One Way or Another, Occupy Will Rise Again

Sept. 17, 2013

September 17 marks the two-year anniversary of the establishment of Occupy Wall Street. This movement captured the attention of the world in the fall of 2011, though it’s almost forgotten now. The gathering at Zuccotti Park in Lower Manhattan was probably inspired by the occupation of Tahrir Square in Cairo early in the year, and by the occupation of the state capital building in Madison, Wisconsin, soon afterward. But once OWS got rolling, it in turn inspired similar encampments all across America and all over the world.

 For all its considerable imperfections, Occupy performed a very important service for this city. It drew attention to the gravest problem of our times—the concentration of too much money and too much political power in the hands of a very small number of very, very rich people. This is the crisis of democracy, not just here in New York but all over this country.

OWS found bold, creative ways to get the message out—marches, rallies, and civil disobedience all over the city—but the heart of the movement was the encampment at Zuccotti. During that autumn two years ago, evenings often found me at the Outreach table in the park, collecting names and contact information from people who wanted to get involved. I was also very active circulating copies of the movement’s newspaper, The Occupied Wall Street Journal. (And later I joined Occupy Astoria/LIC, our Occupy group here in the neighborhood.)

Everyone who ever saw Zuccotti at that time will remember the Library, the Kitchen, the Spanish Table, the Medical Unit, the Drum Circle, the Media Tent, as well as all the visitors from all around the city and the region, many of whom felt safe enough in the park to bring small children. Dozens—hundreds!—of small committees and working groups sprang up to plan activities around every conceivable issue.

When the Mayor came around one evening to suggest that everybody leave the park, just long enough for Sanitation to get in there and clean the place up, a small army of volunteers with push-brooms and garbage bags worked round the clock to make the City’s official clean-up unnecessary and its likely goal of evacuating the Occupiers impossible. On the morning of Friday, Oct. 14, expecting a real army of cops in riot gear along with the Sanitation workers, everyone rejoiced to see instead hundreds—thousands!—of union members from all over the city converging on the park. Bloomberg was backing off, and the roughly 5000 people there celebrated with a joyous, deafening chorus of the chant: “We—are—the ninety-nine percent! We—are—the ninety-nine percent!…”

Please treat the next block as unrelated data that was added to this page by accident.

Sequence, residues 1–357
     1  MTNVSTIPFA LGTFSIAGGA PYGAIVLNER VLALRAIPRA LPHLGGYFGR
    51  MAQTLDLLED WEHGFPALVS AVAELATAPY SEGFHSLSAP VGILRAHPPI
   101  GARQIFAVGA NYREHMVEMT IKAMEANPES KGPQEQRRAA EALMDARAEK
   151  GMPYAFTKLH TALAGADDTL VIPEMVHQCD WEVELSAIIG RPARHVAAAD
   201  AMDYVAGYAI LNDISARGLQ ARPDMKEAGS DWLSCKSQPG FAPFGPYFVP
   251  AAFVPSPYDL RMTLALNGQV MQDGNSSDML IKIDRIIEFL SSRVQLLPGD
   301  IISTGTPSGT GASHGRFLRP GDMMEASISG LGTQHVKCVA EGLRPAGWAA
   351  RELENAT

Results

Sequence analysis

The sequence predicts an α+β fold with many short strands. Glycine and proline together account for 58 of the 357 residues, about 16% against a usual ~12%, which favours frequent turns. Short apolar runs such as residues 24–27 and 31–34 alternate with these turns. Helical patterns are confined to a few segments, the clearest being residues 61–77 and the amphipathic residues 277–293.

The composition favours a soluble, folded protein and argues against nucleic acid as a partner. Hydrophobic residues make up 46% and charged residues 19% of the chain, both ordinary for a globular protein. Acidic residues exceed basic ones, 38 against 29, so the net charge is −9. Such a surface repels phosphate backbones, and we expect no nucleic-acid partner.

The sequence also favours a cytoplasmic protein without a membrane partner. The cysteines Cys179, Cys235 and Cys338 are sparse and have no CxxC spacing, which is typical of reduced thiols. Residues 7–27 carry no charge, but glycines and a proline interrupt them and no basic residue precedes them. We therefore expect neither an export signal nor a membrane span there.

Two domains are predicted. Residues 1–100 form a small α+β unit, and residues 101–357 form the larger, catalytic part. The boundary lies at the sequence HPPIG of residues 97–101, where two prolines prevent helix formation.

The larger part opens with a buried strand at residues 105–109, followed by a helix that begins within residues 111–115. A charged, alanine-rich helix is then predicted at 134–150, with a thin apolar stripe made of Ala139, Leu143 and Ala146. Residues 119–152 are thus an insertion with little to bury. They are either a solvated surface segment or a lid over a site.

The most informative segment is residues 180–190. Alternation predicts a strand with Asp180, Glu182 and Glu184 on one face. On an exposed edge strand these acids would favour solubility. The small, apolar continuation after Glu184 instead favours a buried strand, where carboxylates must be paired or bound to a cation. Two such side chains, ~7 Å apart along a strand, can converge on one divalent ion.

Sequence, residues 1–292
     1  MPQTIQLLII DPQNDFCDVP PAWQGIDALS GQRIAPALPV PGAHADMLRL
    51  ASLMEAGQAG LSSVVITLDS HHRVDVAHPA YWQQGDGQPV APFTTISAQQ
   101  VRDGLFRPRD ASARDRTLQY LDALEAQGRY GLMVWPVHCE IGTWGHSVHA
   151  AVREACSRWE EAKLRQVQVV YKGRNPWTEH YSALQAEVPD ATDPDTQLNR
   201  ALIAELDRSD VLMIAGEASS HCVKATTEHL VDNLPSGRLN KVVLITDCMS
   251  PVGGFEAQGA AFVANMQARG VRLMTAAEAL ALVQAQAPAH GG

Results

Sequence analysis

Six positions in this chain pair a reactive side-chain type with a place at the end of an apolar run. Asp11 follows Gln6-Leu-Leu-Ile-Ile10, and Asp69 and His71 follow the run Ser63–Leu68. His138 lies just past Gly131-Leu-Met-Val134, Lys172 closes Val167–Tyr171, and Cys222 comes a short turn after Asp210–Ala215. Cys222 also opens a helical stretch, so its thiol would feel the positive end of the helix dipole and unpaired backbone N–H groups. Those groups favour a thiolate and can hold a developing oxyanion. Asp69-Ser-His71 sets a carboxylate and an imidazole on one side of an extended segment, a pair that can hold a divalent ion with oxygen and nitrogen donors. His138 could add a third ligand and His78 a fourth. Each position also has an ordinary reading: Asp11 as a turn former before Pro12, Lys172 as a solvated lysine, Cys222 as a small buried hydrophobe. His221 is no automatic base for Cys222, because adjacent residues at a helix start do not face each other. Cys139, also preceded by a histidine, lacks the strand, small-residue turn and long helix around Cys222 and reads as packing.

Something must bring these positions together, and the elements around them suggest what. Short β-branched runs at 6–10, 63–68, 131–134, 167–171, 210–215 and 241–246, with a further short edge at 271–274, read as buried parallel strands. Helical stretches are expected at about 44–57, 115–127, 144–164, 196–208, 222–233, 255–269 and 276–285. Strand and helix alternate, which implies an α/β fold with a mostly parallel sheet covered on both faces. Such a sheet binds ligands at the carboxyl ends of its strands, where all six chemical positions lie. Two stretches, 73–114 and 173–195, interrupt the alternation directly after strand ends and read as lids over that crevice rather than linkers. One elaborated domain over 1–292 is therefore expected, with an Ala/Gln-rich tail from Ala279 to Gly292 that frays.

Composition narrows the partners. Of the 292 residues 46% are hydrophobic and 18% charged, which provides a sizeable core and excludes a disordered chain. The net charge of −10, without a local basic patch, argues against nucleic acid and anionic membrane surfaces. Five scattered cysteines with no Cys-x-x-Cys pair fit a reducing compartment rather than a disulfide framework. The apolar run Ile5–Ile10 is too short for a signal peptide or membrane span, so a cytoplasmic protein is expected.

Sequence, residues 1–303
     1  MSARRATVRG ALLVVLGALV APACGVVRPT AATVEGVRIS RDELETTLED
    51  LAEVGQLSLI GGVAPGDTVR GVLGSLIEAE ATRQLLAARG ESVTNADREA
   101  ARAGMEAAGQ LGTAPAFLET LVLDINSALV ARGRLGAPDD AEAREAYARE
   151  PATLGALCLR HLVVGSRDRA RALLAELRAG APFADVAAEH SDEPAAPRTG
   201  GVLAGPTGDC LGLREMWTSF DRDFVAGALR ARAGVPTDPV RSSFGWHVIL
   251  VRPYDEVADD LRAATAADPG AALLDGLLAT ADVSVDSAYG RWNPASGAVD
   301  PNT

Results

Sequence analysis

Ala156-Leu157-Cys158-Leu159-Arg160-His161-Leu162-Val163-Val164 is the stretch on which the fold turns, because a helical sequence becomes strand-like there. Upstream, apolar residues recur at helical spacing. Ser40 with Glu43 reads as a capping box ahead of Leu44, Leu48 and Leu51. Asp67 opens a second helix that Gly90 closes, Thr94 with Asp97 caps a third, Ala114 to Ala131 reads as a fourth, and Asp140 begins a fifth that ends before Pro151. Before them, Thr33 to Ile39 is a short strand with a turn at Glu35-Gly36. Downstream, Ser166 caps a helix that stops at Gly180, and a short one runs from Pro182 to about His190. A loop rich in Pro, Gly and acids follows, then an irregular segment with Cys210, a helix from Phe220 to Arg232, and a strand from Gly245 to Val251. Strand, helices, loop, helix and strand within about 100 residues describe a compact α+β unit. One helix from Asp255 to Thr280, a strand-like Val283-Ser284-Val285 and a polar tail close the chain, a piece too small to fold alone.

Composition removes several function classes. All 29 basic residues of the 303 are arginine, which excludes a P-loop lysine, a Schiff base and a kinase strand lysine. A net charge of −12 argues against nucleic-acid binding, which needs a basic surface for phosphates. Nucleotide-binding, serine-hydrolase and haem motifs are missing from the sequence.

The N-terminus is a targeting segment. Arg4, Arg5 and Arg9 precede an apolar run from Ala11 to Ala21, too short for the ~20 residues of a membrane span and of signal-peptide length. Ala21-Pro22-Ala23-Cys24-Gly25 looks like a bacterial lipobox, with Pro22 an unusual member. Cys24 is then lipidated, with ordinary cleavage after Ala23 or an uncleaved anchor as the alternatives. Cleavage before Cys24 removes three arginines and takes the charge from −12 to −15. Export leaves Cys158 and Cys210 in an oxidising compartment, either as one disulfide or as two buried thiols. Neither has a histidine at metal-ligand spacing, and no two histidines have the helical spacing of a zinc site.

Things were not as idyllic as that for much longer, but most of the people who were living at the park were nevertheless talking about ways to keep the encampment going through the winter. Even Police Commission Ray Kelly admitted there was nothing illegal about the encampment itself. “The charter, it gives access to the park 24 hours a day, seven days a week,” Kelly told reporters on October 6. “Right now they’re on private property and the people who own that property don’t have the power to eject them.” ( But of course we all know that the army of cops in riot gear did finally arrive, at one o’clock in the morning on November 15, completely destroying the encampment and arresting many peaceful protesters and seven journalists.

Occupy is sort of a shadow of what it was two years ago, or even one year ago. But the crisis of democracy that caused OWS to rise up in the first place—that crisis is still going on. I think eventually that spirit of constructive rebellion will make a comeback.

At least one way this could happen is in the form of a small army of militant candidates for public office. They could be thousands—hundreds of thousands!—of smart, energetic, articulate, angry people all over the country, people who have never held or run for public office, who have no connections as such to the people currently in power, and who will run not as Democrats or Republicans but as independents or as members of small, fully independent parties. It would be a broad movement, acting legally, constitutionally, and nonviolently. But even within that legal, constitutional framework, it would break new ground. It would be a kind of rebellion—a rebellion at the ballot box. It would solve the problem, all right. I think someday it will.

Jerry Kann,

Populist Party candidate for City Council in District 22, Astoria.

 Paid for by Kann for Council 2013


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